Abortion on demand – No matter what

Abortion on demand – No matter whatThe 2020 National March for Life in Washington D.C. (Lisa Bourne/Heartbeat International)

While many in the pro-life community are eagerly waiting for the reversal of Roe v. Wade, abortion supporters are actively working to find ways to enshrine abortion in the law. 

Pro-life legislators and other supporters of life know that Roe v. Wade is in danger, but we’re not the only ones. In fact, even Planned Parenthood admitted in its 2018-2019 annual report that there is a chance that Roe v. Wade could be “…overturned or further eroded.”

One ongoing effort toward legal protection of abortion on demand with little or no restrictions is HR 2975, the “Women’s Health Protection Act of 2019.” 

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This Act, colloquially known as the “Abortion on Demand Act” would eliminate pro-life legislation, at both the state and federal levels, and enact a national policy that would allow for elective abortion up until the moment of birth.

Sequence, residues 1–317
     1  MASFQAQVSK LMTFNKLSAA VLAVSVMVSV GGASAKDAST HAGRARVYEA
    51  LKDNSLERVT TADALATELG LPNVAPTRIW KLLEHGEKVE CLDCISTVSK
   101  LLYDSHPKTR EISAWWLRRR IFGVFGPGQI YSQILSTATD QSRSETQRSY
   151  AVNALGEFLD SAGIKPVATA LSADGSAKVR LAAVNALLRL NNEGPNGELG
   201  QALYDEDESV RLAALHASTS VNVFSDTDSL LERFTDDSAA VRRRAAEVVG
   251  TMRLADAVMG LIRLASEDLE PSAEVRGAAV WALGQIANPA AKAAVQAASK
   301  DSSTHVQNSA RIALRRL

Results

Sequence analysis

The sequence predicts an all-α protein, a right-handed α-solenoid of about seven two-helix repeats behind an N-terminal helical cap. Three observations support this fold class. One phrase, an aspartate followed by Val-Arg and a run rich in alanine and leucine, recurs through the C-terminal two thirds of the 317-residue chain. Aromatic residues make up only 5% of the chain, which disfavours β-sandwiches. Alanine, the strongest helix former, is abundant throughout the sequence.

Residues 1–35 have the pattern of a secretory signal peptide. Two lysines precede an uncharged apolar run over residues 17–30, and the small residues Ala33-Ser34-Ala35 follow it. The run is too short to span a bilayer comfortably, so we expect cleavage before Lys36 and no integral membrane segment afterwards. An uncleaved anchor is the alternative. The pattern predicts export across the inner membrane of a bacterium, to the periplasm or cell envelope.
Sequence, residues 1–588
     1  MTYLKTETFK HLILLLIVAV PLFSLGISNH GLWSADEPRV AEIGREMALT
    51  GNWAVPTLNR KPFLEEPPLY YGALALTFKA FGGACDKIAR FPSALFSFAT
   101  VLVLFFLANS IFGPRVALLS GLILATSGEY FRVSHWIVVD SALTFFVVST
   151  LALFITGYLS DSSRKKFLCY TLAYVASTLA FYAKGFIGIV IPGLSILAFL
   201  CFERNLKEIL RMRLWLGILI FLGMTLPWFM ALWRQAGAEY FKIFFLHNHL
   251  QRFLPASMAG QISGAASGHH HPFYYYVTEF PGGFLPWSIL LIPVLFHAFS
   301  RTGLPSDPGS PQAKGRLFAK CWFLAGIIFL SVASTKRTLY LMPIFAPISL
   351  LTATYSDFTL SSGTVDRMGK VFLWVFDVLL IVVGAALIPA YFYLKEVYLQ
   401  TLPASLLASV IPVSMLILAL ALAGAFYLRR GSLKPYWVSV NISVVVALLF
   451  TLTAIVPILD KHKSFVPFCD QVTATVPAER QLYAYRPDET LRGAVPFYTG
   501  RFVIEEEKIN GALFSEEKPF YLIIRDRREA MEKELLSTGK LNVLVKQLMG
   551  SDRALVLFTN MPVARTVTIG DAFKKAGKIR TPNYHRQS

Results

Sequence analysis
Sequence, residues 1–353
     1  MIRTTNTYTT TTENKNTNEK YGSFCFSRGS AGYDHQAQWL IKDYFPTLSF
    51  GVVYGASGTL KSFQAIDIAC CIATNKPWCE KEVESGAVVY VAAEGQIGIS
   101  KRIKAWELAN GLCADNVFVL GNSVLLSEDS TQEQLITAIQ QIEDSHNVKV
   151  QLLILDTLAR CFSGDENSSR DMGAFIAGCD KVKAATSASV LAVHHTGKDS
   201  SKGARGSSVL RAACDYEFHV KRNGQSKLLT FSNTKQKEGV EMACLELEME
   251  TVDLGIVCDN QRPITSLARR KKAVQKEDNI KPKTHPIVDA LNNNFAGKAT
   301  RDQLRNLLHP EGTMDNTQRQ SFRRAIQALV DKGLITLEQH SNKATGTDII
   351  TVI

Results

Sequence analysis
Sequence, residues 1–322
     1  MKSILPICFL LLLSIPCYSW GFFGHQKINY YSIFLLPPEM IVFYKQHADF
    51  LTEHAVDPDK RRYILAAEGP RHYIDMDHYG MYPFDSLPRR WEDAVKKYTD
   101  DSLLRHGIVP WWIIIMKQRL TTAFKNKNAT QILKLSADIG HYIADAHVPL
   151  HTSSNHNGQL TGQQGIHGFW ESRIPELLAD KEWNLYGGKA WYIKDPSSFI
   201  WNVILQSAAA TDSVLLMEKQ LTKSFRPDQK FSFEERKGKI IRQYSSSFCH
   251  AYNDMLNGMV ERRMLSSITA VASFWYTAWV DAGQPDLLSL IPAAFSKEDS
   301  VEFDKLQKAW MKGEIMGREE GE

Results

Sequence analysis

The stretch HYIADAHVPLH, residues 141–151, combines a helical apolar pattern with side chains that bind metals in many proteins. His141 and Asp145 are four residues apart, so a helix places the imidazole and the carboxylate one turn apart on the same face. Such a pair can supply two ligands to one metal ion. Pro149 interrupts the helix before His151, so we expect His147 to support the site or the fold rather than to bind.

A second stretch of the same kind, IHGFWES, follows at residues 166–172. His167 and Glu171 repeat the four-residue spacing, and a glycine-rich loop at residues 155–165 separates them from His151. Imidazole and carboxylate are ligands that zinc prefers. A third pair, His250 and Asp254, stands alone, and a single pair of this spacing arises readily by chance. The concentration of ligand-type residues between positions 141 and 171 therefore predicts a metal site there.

The law would not allow for protections such as limitations on late term abortion (when the child could survive without the mother), informed consent laws, and even safety standards for abortion facilities.

The legislation's introduction states its intent, “To protect a woman’s ability to determine whether and when to bear a child or end a pregnancy, and to protect a health care provider’s ability to provide reproductive health care services, including abortion services.”

Reading the text of the bill uncovers some disturbing, and very concerning elements to this “protection.”

Tweet This: Reading the text of the “Women’s Health Protection Act of 2019” uncovers some disturbing, and very concerning elements to this “protection.”